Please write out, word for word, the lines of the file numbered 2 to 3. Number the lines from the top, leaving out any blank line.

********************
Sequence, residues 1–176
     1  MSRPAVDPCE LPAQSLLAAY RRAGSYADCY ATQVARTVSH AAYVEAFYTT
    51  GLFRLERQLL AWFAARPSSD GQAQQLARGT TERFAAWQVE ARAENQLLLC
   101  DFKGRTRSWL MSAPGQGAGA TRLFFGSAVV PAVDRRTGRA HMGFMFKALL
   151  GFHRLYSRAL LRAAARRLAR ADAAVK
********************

     1  MSRPAVDPCE LPAQSLLAAY RRAGSYADCY ATQVARTVSH AAYVEAFYTT
    51  GLFRLERQLL AWFAARPSSD GQAQQLARGT TERFAAWQVE ARAENQLLLC